To properly model decoupling at high frequencies, the PCB must be included. Therefore, some of the conclusions from studies on decoupling that model only the capacitors themselves cannot be trusted. At low frequencies (when the dimensions of the power/ground planes are less than 1/20), the planes can be modeled as contributing about 0.1nH per inch that a decoupling current travels on the plane. When the planes become electrically large in dimensions, proper modeling takes the form of modeling the power and ground planes as a two-dimensional transmission line. A two-dimensional transmission line has length and width. Signals propagate from their source in two dimensions, as opposed to commonly used transmission lines such as
Figure 12.11 When capacitors of different value are placed in parallel, antiresonant peaks occur. Using two capacitors of the same value produces better results.
Figure 12.11 When capacitors of different value are placed in parallel, antiresonant peaks occur. Using two capacitors of the same value produces better results.
frequency wire pairs that transmit in only one dimension. The capacitor models should include the ESL and ESR. The vias and traces that connect the capacitors to the power/ground planes can be modeled as inductors. The loads can be simulated by using AC or transient current sources that inject current at discrete locations on the PCB. Then the resulting voltage at all points on the plane can be computed to determine the effectiveness of decoupling. If the resulting voltage is lower than the maximum ripple allowed by the components, your design is a success. Spice is often used as the circuit simulation product once the models are created. Such modeling is definitely not required for all PCB products, but such extensive modeling must be used for any high-frequency decoupling studies to have merit. Refer to the papers by I. Novak in the bibliography for more information on accurate power distribution modeling.
Traditionally, decoupling design for digital systems was quite simple. You placed a 0.1 ||F capacitor at each IC, and then included a large bulk capacitance (from 10 ||F to several thousand ||F) somewhere on the board near the power supply. Unfortunately, such simple rules of thumb are not sufficient in digital designs in the hundreds of MHz and higher. Such designs typically have signal rise times less than 1 nsec. Even designs with clock frequencies as low as 30 MHz can cause problems when using the old rules of thumb. Other changes have also affected decoupling. The leading edge microprocessors can have tremendous current surges (10A or more). In addition, the voltages for digital systems have been successively lowered from 5V to 3.3 V to 1.8V and lower. The unfortunate result of lower supply voltage is that the tolerable supply voltage ripple has also been lowered. Whereas in the old days of 5 V TTL logic ICs could handle 500mV of ripple, some of the latest low-voltage technologies can only handle about 50mV of ripple. Thus, there are three reasons why decoupling is becoming more difficult: higher speeds, larger currents, and smaller ripple voltage tolerance.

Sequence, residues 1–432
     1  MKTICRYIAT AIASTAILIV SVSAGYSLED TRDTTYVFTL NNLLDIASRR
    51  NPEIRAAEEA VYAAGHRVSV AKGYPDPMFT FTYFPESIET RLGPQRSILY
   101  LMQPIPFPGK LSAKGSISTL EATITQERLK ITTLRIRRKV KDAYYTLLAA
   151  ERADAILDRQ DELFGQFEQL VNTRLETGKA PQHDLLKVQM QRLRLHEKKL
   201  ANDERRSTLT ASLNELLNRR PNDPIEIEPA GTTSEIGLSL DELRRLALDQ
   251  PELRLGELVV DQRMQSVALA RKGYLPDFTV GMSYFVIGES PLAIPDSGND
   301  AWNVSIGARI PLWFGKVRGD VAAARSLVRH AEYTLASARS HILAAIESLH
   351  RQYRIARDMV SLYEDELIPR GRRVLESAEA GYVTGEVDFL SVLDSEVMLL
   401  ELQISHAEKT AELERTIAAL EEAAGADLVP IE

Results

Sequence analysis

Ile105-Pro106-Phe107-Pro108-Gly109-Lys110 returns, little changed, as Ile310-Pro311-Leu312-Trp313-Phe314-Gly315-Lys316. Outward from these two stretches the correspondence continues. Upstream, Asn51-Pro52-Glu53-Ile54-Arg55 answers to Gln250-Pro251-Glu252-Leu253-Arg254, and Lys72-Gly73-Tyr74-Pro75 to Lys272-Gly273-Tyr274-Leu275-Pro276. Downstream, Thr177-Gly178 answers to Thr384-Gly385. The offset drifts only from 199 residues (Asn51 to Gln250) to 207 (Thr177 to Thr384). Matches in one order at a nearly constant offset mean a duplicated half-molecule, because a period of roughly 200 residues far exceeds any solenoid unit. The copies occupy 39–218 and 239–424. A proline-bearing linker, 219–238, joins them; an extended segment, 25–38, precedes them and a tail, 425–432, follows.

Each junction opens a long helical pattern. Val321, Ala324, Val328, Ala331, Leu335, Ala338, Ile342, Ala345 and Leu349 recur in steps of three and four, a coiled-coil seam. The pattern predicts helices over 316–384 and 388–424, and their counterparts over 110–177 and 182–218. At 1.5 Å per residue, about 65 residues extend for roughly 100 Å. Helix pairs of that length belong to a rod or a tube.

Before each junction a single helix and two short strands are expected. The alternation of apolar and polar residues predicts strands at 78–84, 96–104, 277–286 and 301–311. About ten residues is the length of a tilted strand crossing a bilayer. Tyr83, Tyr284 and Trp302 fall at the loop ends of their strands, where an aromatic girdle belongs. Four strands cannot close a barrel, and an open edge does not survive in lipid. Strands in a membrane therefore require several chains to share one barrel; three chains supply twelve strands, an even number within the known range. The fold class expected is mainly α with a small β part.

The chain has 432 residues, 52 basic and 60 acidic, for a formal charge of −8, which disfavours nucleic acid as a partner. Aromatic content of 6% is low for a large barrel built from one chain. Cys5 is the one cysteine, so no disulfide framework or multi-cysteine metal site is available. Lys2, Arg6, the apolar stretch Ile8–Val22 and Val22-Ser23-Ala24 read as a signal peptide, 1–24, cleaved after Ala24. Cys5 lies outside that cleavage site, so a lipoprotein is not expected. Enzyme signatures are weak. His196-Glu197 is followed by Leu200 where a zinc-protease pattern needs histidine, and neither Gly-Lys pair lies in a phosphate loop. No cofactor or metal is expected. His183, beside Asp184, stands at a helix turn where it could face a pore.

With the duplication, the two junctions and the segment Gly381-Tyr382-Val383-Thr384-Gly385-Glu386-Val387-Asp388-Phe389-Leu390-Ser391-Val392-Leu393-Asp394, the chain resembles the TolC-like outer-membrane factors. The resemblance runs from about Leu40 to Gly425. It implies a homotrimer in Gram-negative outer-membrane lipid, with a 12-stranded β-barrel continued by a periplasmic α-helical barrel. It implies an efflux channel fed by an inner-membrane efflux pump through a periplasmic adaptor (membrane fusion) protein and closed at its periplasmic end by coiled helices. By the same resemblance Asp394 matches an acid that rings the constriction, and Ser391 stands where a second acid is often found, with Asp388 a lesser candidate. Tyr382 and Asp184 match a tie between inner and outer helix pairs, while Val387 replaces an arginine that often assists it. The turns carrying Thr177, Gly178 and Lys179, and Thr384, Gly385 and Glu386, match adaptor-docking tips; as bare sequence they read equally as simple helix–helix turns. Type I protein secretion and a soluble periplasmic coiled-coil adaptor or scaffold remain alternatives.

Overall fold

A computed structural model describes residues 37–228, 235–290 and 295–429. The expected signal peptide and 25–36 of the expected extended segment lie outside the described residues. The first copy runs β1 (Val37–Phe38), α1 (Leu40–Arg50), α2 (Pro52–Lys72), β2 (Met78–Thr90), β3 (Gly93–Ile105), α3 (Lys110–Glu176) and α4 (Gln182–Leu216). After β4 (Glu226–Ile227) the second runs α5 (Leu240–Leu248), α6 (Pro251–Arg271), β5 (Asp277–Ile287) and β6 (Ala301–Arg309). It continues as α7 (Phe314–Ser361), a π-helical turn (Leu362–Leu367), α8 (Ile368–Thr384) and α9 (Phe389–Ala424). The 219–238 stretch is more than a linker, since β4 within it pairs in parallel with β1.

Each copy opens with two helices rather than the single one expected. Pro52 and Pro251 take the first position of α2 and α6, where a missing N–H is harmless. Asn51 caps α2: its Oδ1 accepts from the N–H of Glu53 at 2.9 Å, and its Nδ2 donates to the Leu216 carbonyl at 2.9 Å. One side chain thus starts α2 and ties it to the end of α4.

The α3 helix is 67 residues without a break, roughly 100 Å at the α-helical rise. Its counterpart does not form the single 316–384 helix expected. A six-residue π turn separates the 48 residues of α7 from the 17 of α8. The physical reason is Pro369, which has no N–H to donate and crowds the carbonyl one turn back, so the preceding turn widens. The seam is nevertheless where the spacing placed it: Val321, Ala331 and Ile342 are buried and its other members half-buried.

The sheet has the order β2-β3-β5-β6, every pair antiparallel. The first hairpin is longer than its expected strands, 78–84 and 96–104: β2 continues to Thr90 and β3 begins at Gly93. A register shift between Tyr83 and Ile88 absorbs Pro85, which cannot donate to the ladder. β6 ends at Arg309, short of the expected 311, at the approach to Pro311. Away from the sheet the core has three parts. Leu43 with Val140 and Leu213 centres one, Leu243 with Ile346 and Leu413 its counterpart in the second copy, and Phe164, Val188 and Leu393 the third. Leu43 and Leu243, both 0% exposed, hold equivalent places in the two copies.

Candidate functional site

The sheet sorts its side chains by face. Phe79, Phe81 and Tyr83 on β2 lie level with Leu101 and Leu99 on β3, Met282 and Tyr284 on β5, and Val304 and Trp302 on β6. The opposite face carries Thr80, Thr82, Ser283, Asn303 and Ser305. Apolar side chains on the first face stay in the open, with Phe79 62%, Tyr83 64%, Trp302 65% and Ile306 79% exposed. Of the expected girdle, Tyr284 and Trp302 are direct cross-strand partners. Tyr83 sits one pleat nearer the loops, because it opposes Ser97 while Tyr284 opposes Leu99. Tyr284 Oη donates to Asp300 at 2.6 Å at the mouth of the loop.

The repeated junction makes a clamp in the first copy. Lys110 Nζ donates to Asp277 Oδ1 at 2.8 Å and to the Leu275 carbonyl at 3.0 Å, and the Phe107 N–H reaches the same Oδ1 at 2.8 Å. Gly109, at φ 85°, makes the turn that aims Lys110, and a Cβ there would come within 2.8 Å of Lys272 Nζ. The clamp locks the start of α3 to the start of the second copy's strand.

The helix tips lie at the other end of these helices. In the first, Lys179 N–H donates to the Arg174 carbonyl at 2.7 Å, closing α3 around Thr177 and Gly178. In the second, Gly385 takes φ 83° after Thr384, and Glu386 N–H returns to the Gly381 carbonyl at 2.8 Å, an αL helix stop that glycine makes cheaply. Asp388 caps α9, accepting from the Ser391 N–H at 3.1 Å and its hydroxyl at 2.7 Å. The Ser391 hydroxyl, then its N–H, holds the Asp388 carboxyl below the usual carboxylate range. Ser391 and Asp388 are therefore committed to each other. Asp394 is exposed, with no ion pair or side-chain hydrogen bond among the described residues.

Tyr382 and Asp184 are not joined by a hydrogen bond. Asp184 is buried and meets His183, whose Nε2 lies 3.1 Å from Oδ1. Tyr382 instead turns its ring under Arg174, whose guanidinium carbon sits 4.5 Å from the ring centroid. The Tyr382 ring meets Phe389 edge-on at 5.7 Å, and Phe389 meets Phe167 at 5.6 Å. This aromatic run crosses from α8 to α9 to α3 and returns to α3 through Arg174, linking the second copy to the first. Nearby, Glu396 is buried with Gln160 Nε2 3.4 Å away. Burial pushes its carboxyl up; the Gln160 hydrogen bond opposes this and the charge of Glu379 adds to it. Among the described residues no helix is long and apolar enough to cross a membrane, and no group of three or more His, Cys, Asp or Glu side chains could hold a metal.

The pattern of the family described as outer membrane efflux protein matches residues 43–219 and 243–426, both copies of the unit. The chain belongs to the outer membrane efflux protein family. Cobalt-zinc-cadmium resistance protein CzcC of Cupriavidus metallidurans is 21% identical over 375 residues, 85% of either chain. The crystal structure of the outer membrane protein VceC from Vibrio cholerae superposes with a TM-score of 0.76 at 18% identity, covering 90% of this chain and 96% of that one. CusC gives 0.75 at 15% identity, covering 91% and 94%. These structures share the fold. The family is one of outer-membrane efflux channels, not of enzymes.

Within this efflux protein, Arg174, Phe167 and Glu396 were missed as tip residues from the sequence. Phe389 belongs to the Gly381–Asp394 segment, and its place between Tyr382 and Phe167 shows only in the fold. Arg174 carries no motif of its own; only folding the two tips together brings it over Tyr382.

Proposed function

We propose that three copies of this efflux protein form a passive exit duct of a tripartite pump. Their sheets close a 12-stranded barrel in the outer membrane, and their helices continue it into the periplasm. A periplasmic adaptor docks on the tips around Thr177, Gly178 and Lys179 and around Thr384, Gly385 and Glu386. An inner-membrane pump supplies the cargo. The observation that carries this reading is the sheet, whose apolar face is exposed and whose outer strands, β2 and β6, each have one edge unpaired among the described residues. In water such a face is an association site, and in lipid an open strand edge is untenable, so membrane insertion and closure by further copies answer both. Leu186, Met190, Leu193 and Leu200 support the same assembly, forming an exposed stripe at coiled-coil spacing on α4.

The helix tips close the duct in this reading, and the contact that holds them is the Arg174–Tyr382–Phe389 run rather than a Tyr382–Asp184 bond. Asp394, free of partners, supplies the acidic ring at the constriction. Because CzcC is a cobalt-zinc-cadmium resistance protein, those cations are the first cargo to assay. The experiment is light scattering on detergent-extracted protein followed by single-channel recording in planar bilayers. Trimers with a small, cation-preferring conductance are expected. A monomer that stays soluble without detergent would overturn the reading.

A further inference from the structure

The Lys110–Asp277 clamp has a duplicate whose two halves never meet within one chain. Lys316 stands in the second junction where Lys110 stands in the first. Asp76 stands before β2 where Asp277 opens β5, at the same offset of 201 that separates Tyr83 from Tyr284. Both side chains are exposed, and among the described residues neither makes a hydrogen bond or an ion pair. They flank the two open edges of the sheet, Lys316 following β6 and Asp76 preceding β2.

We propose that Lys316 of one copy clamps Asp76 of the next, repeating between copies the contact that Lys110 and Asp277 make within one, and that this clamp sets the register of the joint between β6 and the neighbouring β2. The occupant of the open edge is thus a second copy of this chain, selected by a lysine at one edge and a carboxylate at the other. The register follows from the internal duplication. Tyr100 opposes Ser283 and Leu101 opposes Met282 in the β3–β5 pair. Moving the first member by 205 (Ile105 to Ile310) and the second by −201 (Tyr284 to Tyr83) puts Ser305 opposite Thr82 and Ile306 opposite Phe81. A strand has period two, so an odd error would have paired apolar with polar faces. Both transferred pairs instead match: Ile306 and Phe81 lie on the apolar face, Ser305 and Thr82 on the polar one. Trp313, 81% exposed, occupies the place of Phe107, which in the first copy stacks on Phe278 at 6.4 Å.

With all these problems, there are some new technologies that result in better decoupling. The first technology is that of organic semiconductor (OS-CON) electrolytic capacitors. These capacitors combine the high-density capacitance of electrolytic technology with low ESR. Sanyo makes a line of these capacitors. The OS-CON technology produces capacitors with up to thousands of | F that have inductances from 1nH to 5nH and ESRs down to about 0.01ohms. Compared with previous technologies, the ESL is about one quarter that of traditional electrolytic caps and the ESR is about one hundredth that of traditional electrolytic caps. These caps can provide bulk decoupling with much lower impedance.